Xenoblade Chronicles X: A Musicologist’s View

Xenoblade Chronicles X


Having acquired the CD soundtrack for Xenoblade Chronicles X before the game was released in December 2015 meant there were high expectations for this game, with the soundtrack being incredible and therefore increased hype for the game itself. The game began with the customisation of the player character, a suspicious start as it made one wonder what role the protagonist would play in the narrative. Unfortunately, beginning suspicions were confirmed as the player character does not speak or have any voice acting, which if you’d played the previous Xenoblade Chronicles game you’d realise was a real shame as the voice acting and character progression was incredible. X falls short of this, the story allows for little character development, the open world aspect is diverse yet surprisingly empty of content and the side quests are long, similar and monotonous.

Fortunately, throughout X the music is fantastic and sets the environment for each area of this open world, ranging from intricate textures and instrumentation to grand string sounding environments. This all goes downhill when the player is introduced to the Skell. Don’t get me wrong, Skells are one of the big story points the player drives towards as it gives the ability to fly and move quickly around this enormous open world. Unfortunately, when the player does get the ability to fly in the Skell, there is one track which plays as soon as the player lifts off of the ground, and then changes quickly back to the other environmental track music when they land. The problem with this is the straight cut between tracks, which at first seems fun different but after the 100th time, it becomes frustrating that the player cannot listen to any of the other area music, or at least have the choice to do so.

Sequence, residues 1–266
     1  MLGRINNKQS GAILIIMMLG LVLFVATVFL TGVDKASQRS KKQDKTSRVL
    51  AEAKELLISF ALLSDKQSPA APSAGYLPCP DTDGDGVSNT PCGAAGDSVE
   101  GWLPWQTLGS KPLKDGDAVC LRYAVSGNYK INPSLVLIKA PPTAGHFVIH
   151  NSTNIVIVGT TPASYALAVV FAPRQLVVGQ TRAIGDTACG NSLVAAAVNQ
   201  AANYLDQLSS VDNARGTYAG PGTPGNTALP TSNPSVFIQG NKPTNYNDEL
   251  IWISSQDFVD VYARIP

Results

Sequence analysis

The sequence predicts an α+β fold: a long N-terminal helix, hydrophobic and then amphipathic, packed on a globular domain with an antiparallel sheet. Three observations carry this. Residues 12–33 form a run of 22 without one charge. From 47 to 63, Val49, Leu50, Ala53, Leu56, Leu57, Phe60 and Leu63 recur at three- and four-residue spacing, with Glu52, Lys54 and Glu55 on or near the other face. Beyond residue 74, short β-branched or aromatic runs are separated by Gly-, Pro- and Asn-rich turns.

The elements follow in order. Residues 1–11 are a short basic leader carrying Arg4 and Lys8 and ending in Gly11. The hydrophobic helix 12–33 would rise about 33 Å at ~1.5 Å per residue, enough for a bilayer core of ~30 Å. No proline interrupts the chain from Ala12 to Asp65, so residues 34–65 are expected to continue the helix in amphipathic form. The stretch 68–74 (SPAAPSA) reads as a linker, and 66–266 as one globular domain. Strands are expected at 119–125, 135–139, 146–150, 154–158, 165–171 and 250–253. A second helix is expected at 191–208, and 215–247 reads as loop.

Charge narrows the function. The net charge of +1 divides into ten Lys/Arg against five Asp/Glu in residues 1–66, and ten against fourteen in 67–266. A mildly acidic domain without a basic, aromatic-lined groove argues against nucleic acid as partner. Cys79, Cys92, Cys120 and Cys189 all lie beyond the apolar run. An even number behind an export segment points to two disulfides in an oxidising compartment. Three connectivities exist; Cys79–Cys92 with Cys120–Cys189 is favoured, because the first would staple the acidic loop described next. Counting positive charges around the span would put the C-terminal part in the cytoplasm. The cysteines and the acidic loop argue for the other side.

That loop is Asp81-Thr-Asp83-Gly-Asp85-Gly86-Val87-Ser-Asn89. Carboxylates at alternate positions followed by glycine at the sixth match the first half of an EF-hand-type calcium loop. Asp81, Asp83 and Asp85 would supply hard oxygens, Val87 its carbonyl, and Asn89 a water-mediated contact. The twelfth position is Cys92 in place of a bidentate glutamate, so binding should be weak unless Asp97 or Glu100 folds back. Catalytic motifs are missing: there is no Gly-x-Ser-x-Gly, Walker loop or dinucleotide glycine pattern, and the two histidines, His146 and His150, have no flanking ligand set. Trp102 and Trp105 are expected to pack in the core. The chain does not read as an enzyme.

Albeit, over 100 hours of this game was played by myself, but the sound design and balancing let it down considerably, which is very disappointing considering the high level of the soundtrack.


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